Meaning of NIGHT in English

I. ˈnīt, usu -īd.+V noun

( -s )

Etymology: Middle English night, niht, from Old English niht, næht, neaht; akin to Middle Dutch nacht night, Old Saxon & Old High German naht, Old Norse nōtt, nātt, Gothic nahts night, Old Irish in- nocht tonight, Welsh nos night, Latin noct-, nox, Greek nykt-, nyx, Sanskrit nakt, nakti, Lithuanian naktis, Old Slavic noštĭ

1. : the part of the solar day when the sun is beneath the horizon ; especially : the time from dusk to dawn when no light of the sun is visible

had an exhausting night alone in the woods

extra pay for working at night

dine, drink, dance, or gamble by night — T.H.Fielding

— compare day


a. : an evening or night taken as an occasion or point of time

saw the opera on the opening night

saw the satellite on the third night


(1) : an evening set aside for a particular purpose

it was bingo night and everybody was at the movies — Theodora Keogh

(2) : an evening program

hold an amateur night

plan a ladies' night for the men's next club meeting

c. : the evening following a particular day

Christmas night

their wedding night

election night

— compare eve


a. : darkness

under cover of night swooped in among the cumbersome ships of the line — Frank Yerby

b. : a condition or period felt to resemble the darkness of night ; specifically : a period of dreary inactivity or affliction : mental or moral darkness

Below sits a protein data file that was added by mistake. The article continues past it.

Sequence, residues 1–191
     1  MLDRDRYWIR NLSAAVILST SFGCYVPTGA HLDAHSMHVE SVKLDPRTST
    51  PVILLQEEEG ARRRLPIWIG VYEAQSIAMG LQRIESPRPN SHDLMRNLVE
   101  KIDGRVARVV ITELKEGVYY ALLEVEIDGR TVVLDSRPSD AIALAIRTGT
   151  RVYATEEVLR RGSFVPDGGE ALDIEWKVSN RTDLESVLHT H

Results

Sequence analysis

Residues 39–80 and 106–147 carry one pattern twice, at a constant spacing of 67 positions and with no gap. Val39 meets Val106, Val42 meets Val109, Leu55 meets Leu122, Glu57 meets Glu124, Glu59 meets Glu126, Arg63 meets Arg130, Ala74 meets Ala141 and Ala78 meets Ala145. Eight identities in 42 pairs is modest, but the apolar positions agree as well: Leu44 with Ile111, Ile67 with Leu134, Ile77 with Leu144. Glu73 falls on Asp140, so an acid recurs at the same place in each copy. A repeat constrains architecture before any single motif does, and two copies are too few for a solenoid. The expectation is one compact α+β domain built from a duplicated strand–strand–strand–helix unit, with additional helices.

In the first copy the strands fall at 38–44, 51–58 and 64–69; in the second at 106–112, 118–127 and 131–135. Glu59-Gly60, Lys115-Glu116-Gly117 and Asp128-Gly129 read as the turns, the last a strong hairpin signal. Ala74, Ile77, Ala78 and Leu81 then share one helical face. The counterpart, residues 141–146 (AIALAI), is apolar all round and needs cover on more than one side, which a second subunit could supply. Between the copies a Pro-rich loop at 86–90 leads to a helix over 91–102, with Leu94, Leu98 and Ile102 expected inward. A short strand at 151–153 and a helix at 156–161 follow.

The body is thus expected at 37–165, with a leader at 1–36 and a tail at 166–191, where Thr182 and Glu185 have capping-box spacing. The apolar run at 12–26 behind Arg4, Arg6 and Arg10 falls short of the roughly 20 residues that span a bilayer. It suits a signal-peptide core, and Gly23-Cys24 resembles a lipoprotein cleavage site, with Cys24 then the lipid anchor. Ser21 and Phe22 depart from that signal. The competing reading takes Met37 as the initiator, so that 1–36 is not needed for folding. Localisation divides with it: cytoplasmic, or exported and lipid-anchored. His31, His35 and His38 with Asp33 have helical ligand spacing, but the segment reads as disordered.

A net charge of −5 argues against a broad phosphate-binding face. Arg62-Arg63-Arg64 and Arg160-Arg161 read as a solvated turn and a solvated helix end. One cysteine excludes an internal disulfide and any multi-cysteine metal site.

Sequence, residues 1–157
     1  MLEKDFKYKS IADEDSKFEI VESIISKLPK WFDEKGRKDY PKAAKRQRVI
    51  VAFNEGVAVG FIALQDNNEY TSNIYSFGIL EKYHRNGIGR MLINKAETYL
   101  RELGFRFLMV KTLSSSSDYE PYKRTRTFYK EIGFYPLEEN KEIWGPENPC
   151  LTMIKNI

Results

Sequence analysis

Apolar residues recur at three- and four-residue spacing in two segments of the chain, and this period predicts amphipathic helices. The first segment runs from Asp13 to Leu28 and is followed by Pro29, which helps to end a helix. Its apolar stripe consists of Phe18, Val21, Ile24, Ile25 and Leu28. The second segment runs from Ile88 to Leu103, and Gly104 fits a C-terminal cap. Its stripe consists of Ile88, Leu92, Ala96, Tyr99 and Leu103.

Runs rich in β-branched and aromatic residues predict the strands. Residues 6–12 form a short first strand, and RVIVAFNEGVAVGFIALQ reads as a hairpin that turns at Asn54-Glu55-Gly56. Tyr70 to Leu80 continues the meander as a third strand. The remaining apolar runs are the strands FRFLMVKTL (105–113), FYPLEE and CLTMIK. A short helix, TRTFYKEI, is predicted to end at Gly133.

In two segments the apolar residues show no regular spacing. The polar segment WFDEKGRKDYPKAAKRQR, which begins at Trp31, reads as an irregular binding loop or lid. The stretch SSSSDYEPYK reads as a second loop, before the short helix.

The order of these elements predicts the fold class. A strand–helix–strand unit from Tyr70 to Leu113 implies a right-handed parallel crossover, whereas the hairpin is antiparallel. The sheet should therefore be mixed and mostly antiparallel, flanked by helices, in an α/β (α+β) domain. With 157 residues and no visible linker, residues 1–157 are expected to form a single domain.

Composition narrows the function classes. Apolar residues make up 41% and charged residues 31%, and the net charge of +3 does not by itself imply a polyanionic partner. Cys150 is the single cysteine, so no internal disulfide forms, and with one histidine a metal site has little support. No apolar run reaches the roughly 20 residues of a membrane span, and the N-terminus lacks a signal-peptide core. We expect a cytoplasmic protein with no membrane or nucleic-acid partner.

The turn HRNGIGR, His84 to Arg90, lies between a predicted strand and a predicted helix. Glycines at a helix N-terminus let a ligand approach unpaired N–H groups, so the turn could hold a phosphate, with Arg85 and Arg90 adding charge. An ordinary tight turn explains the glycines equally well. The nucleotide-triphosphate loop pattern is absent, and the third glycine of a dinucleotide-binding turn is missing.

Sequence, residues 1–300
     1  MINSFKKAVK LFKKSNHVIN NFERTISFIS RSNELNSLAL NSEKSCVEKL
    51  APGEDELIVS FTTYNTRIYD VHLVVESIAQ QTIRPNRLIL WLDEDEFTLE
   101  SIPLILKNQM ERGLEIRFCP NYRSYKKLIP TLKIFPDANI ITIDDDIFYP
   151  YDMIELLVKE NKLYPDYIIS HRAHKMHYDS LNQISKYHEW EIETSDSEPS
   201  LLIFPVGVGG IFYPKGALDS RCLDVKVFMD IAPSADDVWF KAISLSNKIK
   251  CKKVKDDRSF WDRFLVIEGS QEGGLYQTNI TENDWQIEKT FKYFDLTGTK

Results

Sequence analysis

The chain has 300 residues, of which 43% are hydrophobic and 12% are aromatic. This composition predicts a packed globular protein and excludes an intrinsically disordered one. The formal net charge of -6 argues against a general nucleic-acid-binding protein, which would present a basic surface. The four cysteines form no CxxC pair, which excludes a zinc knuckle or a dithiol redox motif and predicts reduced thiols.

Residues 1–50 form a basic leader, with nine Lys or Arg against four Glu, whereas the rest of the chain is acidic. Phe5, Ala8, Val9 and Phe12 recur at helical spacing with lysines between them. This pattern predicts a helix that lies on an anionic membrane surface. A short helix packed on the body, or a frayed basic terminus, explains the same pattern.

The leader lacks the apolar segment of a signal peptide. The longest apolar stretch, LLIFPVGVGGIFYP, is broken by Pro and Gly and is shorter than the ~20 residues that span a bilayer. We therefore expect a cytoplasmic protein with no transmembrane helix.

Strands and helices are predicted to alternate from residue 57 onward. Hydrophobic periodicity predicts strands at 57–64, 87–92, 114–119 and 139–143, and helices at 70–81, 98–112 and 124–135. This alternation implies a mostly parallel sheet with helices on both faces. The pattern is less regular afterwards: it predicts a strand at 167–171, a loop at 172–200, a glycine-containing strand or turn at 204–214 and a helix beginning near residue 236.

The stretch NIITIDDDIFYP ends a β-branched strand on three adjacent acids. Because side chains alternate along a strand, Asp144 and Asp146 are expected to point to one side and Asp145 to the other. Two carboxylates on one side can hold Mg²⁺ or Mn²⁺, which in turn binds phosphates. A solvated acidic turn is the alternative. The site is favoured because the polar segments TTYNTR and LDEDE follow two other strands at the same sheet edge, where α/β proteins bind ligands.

the glories of Roman civilization were lost in a gloomy night of ignorance, superstition, and barbarism — R.A.Hall b.1911

c. : the beginning of darkness : nightfall

rainbow at night , sailors' delight

waited until it was night


a. : the period between sunset or the evening meal and bedtime

went bowling every night

Thursday evening is their maid's night out

b. : the period between nightfall or 6 p.m. and midnight

the night of May 1

c. : the period between bedtime and morning usually spent in bed

slept quietly all night

d. : a time for sexual intercourse

e. : a period of gainful employment coming during or chiefly during the night

began his night at eleven and got off at seven

paid the lecturer $500 a night

5. archaic : tonight — used with the

6. : a night's rest

the patient had a good night

II. intransitive verb

( -ed/-ing/-s )

Etymology: Middle English nighten, from night, n.

: to remain during the night : to spend the night

III. adjective

Etymology: night (I)

1. : of, relating to, or associated characteristically with the night

night poetry

night air

2. : intended for use at night

a night lamp

the night bell

3. : existing, occurring, or carried out during the night

the night view of the city

night noises

night baseball



(1) : working at night

a night nurse

the night clerk

(2) : of or relating to work done at night

posted the night hours

b. : operating at night

the night train

5. : active or effective at night

a night fly

Webster's New International English Dictionary.      Новый международный словарь английского языка Webster.